This past summer, Veilleux secured his biggest career win when he soloed to the Stage 1 victory in Champéry, Switzerland at the Critérium du Dauphiné. He was in a decisive breakaway for much of the 121-km stage and attacked his small group with 45 km to go. He rode alone to the finish line, winning the stage nearly two minutes ahead of the field. With help from his Europcar teammates, Veilleux hung onto the yellow jersey through the next three stages.
He accomplished what so many cyclists will only ever dream of. After his success at the Dauphiné, he was selected to compete at the Tour de France, the first Quebecborn rider to do so. He had the support of the nation cheering him all the way to the Champs-Élysées. Many cyclists are involved in the sport today because they saw the Tour de France on television, perhaps a stage in the Alps or the Pyrenees, or the finale in Paris. Some of them went out and bought their first bike, others joined a club and began racing. A few of those riders made it all the way to the professional ranks with a dream of one day racing in the three-week-long Grand Tour. Veilleux’s dream came true on June 26, on the island of Corsica, on the start line of the 2013 Tour. He raced well and was able to contribute to his team Europcar’s success. He even raced into a decisive breakaway on Stage 2, which gave his fans back home a chance to root for a fellow countryman on television.
“I have a lot of great memories,” Veilleux said. “This past year, racing at the Tour de France and my performance at the Dauphiné was really nice. Last year, my win at Tre Valli was special because I wasn’t expecting that at all. Every year, I have something special that stands out. The first year with Europcar, I was in the breakaway at Paris-Roubaix and finished well, and that was a great experience. There are many things from each year that stand out as great memories for me.”
Perhaps if he had continued to race and gain more experience, he could have won a stage or two, or maybe even the whole Tour. We’ll never know. Maybe that’s what makes his decision so hard for his fans and colleagues to grasp fully. But Veilleux didn’t envision a career of Grand Tour triumphs. He believes he might have been a good Classics contender, but that wasn’t enough to keep him motivated to continue down the often arduous path of a pro cyclist.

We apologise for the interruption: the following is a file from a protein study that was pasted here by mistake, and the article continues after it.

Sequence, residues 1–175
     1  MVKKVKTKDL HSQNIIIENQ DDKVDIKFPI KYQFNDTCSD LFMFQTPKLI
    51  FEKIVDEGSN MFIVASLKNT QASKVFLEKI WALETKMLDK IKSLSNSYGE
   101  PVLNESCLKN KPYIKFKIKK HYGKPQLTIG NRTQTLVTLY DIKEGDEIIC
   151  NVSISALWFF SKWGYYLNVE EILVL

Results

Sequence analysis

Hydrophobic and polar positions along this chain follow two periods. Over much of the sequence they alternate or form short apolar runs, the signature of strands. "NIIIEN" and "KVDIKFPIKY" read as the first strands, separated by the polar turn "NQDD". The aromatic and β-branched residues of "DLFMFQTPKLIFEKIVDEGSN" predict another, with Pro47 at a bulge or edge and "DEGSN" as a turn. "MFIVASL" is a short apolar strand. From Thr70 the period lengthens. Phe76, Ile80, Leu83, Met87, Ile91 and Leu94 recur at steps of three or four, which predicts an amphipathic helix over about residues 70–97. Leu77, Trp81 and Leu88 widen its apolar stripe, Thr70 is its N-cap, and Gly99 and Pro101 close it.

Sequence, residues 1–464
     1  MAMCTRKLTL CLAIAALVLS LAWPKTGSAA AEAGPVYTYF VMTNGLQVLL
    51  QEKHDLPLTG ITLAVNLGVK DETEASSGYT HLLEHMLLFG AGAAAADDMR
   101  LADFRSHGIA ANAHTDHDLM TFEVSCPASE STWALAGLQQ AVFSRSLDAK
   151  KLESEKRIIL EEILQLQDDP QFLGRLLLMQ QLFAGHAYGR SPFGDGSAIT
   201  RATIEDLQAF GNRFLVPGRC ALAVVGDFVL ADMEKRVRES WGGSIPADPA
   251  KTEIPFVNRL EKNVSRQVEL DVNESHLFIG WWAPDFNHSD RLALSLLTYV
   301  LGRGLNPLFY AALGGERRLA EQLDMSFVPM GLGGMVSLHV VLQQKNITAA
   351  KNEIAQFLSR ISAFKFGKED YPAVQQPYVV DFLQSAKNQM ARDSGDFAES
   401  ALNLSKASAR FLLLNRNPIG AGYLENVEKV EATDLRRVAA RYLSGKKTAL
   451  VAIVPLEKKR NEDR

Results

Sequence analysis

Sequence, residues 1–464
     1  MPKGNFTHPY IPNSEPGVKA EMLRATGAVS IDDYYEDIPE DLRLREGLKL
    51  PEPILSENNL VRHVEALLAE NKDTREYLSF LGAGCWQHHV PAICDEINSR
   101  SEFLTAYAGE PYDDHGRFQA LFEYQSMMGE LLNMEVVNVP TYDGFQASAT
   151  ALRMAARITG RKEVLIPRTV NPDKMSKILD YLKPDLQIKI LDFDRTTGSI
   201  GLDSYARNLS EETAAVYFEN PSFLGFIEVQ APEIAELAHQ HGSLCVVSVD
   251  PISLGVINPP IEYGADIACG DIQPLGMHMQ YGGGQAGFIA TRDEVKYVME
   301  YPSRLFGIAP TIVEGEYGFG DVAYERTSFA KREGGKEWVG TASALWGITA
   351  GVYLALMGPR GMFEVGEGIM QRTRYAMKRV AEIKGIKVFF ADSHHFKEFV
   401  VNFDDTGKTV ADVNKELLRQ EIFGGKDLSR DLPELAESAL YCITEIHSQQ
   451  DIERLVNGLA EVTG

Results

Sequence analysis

“If I didn’t retire now, I would have focused on shorter stage races and courses like the Ardennes Classics,” Veilleux said. “I think races like Amstel Gold would have suited me better. To try to get a stage win at the Tour might have been possible for me.
“I don’t know why I chose this particular year to retire. I always kind of do a recap of my season and I take the time to think about what I have achieved and what I want to gain going forward. This year, after the Tour, it was a great year and I’m happy about that. I evaluated what I achieved, what I want to do and what my other goals in life are, too. I decided now was a good time to go back to school and finish my engineering degree.
“This might have been my best season ever, even if I had continued. Maybe I would have never achieved that again, even if I raced for another five or 10 years. I’m really happy with what I’ve achieved and I can leave the sport satisfied with how I pushed myself and with the results that I earned.”
His decision to quit wasn’t easy, but he had been pondering the idea for a long time. Getting his degree in engineering had become more of a priority. Juggling his classes at Laval University each fall with professional cycling each spring and summer had become more and more difficult. He is now two years away from graduating. He also married his high school sweetheart, Emilie Coulombe, this past summer. The demands of life on the road had a big effect on his home and personal life.
“The people who know me very well and are close to me saw this coming,” Veilleux said. “They supported me and they were happy for me. It depends on who talks about it, but most people understand and support my decision. It wasn’t an easy decision to make and they all understand.
“I’ve been doing this for more than 10 years and I’ve always travelled so much. Training in the warmer weather during the winter and also racing in the U.S. and Europe all year meant that I was away from home a lot. Being in Europe from January all the way to July was a big sacrifice for me. It was all those sacrifices that added to my decision.